Both prongs of the Aguilar test were met by the affidavit, which is valid on its face. The statement in the affidavit that the informant saw the defendant in possession of heroin was sufficient to satisfy the first prong of the Aguilar test, because it established that the informant obtained his information through personal observation. State v. Cervantes, 92 N.M. 643, 593 P.2d 478 (Ct.App.), cert. denied, 92 N.M. 621, 593 P.2d 62 (1979). The second prong of the Aguilar test was met by the statement in the affidavit that the affiant knows the informant to’ be reliable because he has provided him with reliable information concerning narcotics violations in the past. Id.
2. Disclosure of the confidential informant.
Rule 510 of the Rules of Evidence establishes the so-called “informer’s privilege” which is really the privilege of the state not to disclose the identity of a person who has provided the state with information concerning a possible violation of the law. One exception to the privilege is when the informer in a criminal case can give testimony that is relevant and helpful to the accused or necessary for a determination of *205his guilt or innocence. If the trial court finds there is a reasonable probability that the informer can give such testimony, and the state still refuses to disclose his identity, the judge shall dismiss the charges to which the testimony would relate. N.M.R. Evid. 510(c)(2), N.M.S.A. 1978. The rule provides a method whereby the judge may learn the contents of the informer’s testimony and so determine whether or not that testimony is helpful to the defense or necessary for a determination of guilt or innocence. The method is an in camera showing of the informer’s testimony, either through affidavit or direct examination of the informer. Id. In State v. Robinson, 89 N.M. 199, 549 P.2d 277 (1976), the New Mexico Supreme Court sanctioned the use of the in camera hearing to determine whether or not the state should be ordered to disclose the informer’s identity.
The trial court properly ordered the in camera hearing. The defendant was tried and ultimately convicted on the charge of trafficking in heroin, not mere possession. He claimed that the informant was present when the transaction occurred, and alleged that the informant could provide information helpful to a defense of entrapment. The defendant made the prerequisite showing that the informant would be helpful or necessary to the defense, and so stimulated the in camera provision of Rule 510(c)(2). The trial court erred in its subsequent ruling that the defendant had failed to make the preliminary showing.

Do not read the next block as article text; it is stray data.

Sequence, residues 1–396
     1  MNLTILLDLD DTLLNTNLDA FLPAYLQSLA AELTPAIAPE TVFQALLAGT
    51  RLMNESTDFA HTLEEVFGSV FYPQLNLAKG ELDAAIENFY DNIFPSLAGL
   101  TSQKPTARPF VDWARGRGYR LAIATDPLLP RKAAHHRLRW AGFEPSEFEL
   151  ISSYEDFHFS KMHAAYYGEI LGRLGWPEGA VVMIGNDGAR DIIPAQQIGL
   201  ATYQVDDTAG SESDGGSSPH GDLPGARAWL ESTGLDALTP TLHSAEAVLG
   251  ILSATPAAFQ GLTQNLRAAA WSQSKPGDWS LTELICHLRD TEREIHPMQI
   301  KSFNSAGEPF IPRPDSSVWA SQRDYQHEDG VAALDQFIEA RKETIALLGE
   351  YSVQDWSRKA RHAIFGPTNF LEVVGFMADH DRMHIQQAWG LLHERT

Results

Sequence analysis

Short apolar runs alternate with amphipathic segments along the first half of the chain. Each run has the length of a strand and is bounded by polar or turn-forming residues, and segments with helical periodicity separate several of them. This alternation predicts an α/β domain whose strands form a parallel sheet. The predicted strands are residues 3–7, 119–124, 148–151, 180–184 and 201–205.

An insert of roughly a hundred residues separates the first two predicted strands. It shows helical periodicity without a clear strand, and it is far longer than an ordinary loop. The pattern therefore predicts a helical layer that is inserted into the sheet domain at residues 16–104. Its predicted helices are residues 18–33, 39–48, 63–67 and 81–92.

However, the defendant here has no relief. When the court has ordered the state to produce the informant for an in camera hearing, and the state is unable to comply, the court is not obliged to dismiss the case if the state has demonstrated that it made reasonable efforts to find the informant. State v. Carrillo, 88 N.M. 236, 539 P.2d 626 (Ct.App.1975). The court had evidence that Lieutenant Tully had checked, to no avail, various locations which he knew the informant frequented, that he had no firm address and no telephone nu.nber for the informant, and that in the past he had been able to locate him only rarely, and that his usual contacts with the informant had been coincidental street contacts. Thus, although the trial court did not make a specific finding as in Carrillo, the facts are sufficient to support a conclusion that the State had diligently sought the informant’s whereabouts and simply had been unable to locate him. Where the informant is unavailable to the state, there is no sanction against the State upon a showing that a diligent search had failed to reveal the informant. Id. The trial court did not err in refusing to dismiss the charges.
The judgment of the trial court is affirmed.
IT IS SO ORDERED.
HERNANDEZ and WALTERS, JJ., concur.